WHAT’S in a name? Altrincham is blessed with an admirable trio of restaurants rooted in Italian regional cuisines. The name of Puglian pasta masters Sugo means simply ‘Sauce’ while Neapolitan pizza and pollo palace Tre Ciccio translate as ‘Three Fat Men’, an ironic reference to its co-owners’ waistlines.
Both are first rate but we’re suddenly more fascinated by their rival, Sardus, a homage to an ancient mythological hero of the Nuragic civilisation (Sardinia). The restaurant’s wines from that sun-kissed island are equally heroic on the evidence of a previous tasting at their specialist Vinoteca in Manchester city centre.
On the back of that beguiling introduction to Vermentino, Cannonau and many more lesser-know indigenous grapes we were invited down to the more food-centric (as the name suggests) Sardus Cucina on Ashley Road, formerly Bem Brasil, who own the Sardus brand.
Two Sardinian exiles, once of Piccolino, Giovanni Testone (above) and Salvatore Sechi persuaded their BB boss there might be room in the market for a specialist Sardinian restaurant. They took him on a trip there, which must have helped.
So does the cuisine stand up and be counted? On the evidence of a trio of dishes definitely. First up was Coratella (£8.50), chicken livers and chestnuts stewed in Vernaccia di Oristano fortified wine. It was rich and satisfying with a kind of Sardinian umami appeal. We should have asked for more of the toasted bread to sponge up the pan juices.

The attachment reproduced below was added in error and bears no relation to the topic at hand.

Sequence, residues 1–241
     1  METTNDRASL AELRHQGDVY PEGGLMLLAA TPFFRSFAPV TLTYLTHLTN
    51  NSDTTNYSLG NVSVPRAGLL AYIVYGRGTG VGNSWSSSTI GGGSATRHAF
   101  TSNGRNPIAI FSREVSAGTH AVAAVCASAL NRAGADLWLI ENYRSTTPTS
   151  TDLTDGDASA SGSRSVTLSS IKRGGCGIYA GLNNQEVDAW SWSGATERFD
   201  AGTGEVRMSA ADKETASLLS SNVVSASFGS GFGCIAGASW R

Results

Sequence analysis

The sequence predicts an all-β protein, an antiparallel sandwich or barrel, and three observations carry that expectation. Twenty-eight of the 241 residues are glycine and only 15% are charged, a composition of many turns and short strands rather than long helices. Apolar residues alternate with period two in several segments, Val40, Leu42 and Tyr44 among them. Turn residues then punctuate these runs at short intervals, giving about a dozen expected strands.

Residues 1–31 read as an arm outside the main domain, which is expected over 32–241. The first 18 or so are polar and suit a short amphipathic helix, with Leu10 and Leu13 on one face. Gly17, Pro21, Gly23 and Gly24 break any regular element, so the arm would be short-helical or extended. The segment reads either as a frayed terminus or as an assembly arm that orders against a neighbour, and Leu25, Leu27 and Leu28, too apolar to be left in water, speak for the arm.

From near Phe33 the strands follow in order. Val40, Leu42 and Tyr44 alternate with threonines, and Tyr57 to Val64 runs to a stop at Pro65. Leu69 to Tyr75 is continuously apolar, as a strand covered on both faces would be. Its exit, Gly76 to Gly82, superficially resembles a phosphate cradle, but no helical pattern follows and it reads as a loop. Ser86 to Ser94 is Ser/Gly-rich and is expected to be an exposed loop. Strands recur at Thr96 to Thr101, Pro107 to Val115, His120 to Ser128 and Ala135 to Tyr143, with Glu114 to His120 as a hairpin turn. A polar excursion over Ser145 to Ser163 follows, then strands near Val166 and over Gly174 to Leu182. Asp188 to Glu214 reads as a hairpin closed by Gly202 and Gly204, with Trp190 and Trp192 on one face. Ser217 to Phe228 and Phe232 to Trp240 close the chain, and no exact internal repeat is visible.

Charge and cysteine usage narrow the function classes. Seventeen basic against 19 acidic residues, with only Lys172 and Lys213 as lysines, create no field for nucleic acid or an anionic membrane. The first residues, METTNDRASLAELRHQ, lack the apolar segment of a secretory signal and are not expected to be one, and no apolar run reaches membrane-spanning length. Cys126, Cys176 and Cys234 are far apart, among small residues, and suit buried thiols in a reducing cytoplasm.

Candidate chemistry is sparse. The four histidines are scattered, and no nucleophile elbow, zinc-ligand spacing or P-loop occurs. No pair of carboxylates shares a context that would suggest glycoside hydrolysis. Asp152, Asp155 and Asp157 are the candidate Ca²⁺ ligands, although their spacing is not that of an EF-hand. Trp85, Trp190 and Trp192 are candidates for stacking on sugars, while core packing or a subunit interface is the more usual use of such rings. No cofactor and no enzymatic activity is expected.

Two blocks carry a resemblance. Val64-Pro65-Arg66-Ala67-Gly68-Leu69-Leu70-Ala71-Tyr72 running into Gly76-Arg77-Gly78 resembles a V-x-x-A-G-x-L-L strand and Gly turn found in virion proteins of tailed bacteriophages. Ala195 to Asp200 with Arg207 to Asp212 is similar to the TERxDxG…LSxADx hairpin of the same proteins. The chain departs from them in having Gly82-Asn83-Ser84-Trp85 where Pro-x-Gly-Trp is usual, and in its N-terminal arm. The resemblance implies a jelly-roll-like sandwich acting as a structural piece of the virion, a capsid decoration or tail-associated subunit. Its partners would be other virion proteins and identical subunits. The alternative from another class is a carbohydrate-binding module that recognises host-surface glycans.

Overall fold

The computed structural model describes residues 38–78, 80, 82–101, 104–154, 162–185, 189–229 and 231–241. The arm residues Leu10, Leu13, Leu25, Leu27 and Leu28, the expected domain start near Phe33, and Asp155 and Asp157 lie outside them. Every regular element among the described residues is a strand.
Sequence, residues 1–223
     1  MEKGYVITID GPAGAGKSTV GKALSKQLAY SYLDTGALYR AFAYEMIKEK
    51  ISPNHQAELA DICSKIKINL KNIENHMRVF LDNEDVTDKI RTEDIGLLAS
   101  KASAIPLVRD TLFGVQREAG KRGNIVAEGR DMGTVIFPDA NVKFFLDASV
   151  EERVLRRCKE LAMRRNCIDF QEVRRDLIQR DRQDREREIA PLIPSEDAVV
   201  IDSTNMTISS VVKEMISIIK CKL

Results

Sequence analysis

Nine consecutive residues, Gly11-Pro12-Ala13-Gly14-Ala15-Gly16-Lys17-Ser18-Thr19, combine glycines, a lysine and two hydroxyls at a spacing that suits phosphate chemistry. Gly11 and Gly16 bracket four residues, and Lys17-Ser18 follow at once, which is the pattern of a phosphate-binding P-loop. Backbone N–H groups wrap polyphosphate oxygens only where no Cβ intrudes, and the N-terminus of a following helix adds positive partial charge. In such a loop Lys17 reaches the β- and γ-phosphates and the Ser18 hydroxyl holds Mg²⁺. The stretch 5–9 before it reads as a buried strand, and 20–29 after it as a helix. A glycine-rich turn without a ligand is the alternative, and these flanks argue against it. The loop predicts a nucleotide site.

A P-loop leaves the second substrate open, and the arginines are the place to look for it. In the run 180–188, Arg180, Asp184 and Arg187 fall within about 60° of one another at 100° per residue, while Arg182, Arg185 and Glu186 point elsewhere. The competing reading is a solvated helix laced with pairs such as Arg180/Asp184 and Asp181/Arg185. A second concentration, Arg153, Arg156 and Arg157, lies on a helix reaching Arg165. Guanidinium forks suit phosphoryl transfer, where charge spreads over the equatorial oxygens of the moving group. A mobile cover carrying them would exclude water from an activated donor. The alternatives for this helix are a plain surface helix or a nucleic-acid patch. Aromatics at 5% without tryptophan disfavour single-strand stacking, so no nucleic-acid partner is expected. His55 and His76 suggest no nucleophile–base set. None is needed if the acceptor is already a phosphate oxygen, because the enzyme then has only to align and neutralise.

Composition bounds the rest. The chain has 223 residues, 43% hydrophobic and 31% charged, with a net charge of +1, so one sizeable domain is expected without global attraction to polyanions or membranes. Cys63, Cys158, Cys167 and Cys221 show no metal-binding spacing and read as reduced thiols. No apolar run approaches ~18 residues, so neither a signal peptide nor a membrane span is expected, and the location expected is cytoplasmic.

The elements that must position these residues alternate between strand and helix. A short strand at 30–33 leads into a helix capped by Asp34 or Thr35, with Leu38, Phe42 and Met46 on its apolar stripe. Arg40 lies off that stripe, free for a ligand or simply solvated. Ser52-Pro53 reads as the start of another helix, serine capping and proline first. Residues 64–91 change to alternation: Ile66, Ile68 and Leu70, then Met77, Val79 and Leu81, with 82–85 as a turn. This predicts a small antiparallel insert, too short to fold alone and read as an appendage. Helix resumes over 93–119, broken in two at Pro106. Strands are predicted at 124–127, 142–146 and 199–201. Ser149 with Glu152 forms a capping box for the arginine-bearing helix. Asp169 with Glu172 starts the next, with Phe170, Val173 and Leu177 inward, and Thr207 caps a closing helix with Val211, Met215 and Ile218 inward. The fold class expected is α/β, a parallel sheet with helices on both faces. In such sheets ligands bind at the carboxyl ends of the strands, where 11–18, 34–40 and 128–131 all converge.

More rustic was Pane Frattau (£8). Think of it as a shepherd’s brunch, this crisp Sardinian flatbread layered with tomato sauce and grated pecorino cheese, topped with soft egg. A generously fruity, oak-tinged red, Maccori Carignano del Sulcis (£35.95 a bottle) partnered it well.
It was recommended by Salvatore, who suggested a white we’d never previously encountered to accompany the final dish – Fregola ai frutti di mari (£14.50) Made by the island’s best known producers Sella & Mosca from another native grape, Torbato di Alghero Sardinia was herby, zesty minerally. Perfect seafood wine.
The frutti di mari – prawns, squid mussels – teemed among the fregola, a larger fluffier cousin of couscous, nuttier because the semolina base is toasted. The heady saffron flavouring the dish also came from Sardinia. Salvatore and Giovanni (pictured below in a playful social media shot) are equally impressive ambassadors for the island. We are thinking of emigrating.
Sardus Cucina, 14-16 Ashley Road, Altrincham. 0161 927 9001. Sister restaurant Sardus Vinoteca is at 124 King St W, Manchester, M3 2GQ.